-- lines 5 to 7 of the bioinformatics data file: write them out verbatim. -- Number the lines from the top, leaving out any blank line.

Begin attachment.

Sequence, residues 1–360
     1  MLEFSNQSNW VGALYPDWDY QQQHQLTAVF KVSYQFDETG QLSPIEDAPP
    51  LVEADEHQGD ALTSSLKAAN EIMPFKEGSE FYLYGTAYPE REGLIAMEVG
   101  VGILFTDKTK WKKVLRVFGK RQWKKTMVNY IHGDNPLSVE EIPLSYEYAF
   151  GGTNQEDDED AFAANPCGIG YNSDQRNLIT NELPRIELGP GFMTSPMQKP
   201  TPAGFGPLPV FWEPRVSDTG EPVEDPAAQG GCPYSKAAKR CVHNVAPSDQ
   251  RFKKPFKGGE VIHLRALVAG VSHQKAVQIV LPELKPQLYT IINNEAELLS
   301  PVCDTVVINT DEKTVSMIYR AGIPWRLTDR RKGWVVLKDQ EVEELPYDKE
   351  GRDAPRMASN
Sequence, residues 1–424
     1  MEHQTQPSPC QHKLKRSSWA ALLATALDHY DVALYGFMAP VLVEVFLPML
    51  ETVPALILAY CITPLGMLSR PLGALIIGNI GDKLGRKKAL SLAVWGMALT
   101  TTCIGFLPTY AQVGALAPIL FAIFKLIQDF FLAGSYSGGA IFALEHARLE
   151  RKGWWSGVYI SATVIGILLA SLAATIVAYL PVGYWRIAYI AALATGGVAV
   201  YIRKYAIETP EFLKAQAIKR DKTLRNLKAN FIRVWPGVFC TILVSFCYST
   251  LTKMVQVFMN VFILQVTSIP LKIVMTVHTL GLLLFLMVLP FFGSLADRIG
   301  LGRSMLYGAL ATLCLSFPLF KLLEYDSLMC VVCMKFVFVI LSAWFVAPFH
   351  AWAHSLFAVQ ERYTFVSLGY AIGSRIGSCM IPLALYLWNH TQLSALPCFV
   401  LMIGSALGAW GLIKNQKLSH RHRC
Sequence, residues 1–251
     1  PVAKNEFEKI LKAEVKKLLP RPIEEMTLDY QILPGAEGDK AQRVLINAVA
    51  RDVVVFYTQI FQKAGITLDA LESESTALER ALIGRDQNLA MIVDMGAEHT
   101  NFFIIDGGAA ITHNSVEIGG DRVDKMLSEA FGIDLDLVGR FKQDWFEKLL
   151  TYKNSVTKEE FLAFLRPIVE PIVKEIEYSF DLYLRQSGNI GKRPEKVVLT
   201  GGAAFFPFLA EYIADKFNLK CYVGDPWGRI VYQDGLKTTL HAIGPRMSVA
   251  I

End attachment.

   151  GGTNQEDDED AFAANPCGIG YNSDQRNLIT NELPRIELGP GFMTSPMQKP
   201  TPAGFGPLPV FWEPRVSDTG EPVEDPAAQG GCPYSKAAKR CVHNVAPSDQ
   251  RFKKPFKGGE VIHLRALVAG VSHQKAVQIV LPELKPQLYT IINNEAELLS